The camera has a pair of U Hitonar Anastigmat 75mm f/3.5 lenses, the same as on the Rollekonter II, with a serial number on the taking lens and none on the viewing lens. Serial numbers have been observed in the 14xxx and 15xxx range. The shutter gives T, B, 1–500 speeds, and was advertised as a "Rapid-Compur".

The Rollekonter A was first advertised in August 1942.[42] The early cameras have a large nameplate, similar to that of the Rollekonter I and II, inscribed Rollekonter A and MADE IN TOKYO. A picture showing that feature appears in an advertisement in Hōdō Shashin March 1943.[43] (The main release is not visible in the picture, perhaps because of a retouch.) Another picture showing a similar camera appears in advertisements dated July 1943 and September 1944, but it was perhaps outdated at the time.[44]

Regular examples of the Rollekonter A have a different nameplate, similar to that of the final Rollekonter II. It has stepped sides, and is only inscribed Rollekonter and MADE IN TOKYO with no indication of the model name. It does not appear in the original documents, but has been observed on various actual examples, including that pictured above.[45]

The Rollekonter Automat, with crank advance Edit

The Rollekonter Automat (ロールコンター・オートマット) is an evolution of the Rollekonter A, only known from an advertisement dated February 1944.[46] The document mentions f/3.5 or f/2.8 lenses, and gives no price. It shows a front view of a camera with a pair of U Hitonar Anastigmat 75mm f/2.8.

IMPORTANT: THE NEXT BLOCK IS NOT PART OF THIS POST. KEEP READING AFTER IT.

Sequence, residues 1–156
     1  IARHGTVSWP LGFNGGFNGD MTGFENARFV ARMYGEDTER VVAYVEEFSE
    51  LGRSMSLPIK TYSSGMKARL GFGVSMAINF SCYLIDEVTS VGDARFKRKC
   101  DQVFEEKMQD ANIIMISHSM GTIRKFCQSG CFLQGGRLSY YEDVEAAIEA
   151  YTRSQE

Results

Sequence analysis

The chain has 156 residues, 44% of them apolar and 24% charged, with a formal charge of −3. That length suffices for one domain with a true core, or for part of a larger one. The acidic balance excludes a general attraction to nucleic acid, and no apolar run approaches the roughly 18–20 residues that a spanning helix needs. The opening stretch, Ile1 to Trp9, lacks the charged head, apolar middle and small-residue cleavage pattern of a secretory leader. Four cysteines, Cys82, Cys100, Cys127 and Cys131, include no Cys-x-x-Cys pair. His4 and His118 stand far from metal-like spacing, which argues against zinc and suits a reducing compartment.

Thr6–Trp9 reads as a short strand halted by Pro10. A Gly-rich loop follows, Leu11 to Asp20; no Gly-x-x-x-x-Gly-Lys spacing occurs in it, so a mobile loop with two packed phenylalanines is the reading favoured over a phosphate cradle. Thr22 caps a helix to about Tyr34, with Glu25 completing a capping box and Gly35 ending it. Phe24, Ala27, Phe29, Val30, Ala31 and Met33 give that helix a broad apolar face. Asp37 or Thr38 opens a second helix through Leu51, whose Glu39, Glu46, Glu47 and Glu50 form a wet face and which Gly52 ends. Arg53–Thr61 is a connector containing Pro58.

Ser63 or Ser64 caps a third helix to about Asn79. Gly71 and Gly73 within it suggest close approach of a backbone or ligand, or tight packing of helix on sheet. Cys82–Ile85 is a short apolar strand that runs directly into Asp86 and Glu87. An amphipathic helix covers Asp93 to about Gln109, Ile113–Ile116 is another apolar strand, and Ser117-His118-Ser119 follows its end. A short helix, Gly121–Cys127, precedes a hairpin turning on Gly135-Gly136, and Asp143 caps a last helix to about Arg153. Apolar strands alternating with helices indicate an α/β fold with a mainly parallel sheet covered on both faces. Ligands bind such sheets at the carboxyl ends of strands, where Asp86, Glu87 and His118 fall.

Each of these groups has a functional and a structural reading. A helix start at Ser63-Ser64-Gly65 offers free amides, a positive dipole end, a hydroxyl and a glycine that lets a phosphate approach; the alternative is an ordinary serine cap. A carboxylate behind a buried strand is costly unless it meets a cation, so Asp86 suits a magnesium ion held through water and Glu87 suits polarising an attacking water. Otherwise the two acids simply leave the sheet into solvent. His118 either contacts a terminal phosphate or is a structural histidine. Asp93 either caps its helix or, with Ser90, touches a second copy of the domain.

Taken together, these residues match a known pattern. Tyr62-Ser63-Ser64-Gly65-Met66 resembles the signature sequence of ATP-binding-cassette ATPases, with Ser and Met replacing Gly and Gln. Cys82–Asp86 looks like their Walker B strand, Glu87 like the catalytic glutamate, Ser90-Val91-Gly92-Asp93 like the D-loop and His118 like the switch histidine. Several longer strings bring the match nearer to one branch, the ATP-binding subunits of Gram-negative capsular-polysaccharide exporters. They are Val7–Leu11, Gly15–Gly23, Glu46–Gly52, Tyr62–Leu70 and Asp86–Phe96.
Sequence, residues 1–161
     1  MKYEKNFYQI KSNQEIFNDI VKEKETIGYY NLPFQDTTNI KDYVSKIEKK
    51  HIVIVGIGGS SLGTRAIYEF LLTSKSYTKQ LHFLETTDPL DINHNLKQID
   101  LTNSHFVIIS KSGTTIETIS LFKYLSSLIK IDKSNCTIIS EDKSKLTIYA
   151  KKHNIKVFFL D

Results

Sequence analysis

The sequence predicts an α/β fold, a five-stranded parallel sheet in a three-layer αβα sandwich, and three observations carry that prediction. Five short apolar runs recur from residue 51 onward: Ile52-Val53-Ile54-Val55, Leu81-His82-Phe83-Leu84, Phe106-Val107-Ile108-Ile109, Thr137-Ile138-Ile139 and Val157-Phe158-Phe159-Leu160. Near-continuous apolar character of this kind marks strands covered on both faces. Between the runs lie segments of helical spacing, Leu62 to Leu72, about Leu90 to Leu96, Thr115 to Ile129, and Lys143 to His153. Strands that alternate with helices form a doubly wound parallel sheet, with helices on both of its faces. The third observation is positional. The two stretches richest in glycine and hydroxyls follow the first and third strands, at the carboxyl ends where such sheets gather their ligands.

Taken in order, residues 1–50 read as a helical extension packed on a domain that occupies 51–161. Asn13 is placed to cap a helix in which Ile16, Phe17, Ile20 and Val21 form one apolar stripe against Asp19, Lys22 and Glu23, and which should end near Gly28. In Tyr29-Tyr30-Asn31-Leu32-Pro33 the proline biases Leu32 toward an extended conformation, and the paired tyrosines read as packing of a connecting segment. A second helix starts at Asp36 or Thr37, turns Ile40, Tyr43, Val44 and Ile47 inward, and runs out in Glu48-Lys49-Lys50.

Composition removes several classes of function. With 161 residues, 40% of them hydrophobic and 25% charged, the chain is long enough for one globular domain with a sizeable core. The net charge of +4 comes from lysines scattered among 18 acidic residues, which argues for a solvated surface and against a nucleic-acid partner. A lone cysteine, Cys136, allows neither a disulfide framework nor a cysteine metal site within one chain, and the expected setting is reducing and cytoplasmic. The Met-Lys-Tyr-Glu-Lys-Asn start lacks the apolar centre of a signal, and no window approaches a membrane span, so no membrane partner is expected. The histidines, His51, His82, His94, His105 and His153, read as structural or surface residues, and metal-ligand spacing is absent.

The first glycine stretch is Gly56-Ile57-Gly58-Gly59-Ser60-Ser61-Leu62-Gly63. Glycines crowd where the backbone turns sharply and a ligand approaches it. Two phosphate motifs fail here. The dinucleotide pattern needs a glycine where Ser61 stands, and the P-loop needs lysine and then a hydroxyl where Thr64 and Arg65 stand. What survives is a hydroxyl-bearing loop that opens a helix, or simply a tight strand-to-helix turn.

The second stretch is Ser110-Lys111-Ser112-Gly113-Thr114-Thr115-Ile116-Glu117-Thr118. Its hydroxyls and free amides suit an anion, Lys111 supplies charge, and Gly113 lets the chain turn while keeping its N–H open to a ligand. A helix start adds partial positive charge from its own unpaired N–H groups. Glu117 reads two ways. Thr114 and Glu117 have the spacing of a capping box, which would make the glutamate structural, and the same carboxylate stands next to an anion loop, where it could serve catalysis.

The picture shows a folded advance crank on the photographer's right and a focusing knob on the left. Two smaller knobs are visible below the focusing knob, certainly corresponding to the self-timer winding knob and the bottom film flange.

The nameplate is similar to that of the late Rollekonter II and Rollekonter A, with small steps on the sides and no mention of the model name. The camera has no K&T logo.

The lenses are surrounded by a casing, similar to that of the Rollekonter A. The front of the casing is silver-coloured, and the model name is inscribed at the bottom as Rollekonter Auto or perhaps Rollekonter Automat, below the taking lens. There are two wheels at the front, between the two lenses, certainly controlling the speed and aperture. It seems that the settings are directly engraved on these wheels, and cannot be viewed from the top. There is a lever on the left side (as seen from the front), perhaps used to wind the shutter.

No example of the Rollekonter Automat has surfaced so far, and the camera perhaps remained a prototype.

Price range Edit

The advertisements observed so far show the following evolution of the price range:

Date June 1938[47] December 1940[48] February 1942[49] April 1942[50] March 1943[51] July 1943[52] September 1944[53]
Model
Rollekonter (I) ¥210 no price _ _ _ _ _
Rollekonter II (1/300) _ no price ¥260 ¥260 ¥260 ¥300.02 ¥354.04
Rollekonter II (1/500)
or Rollekonter III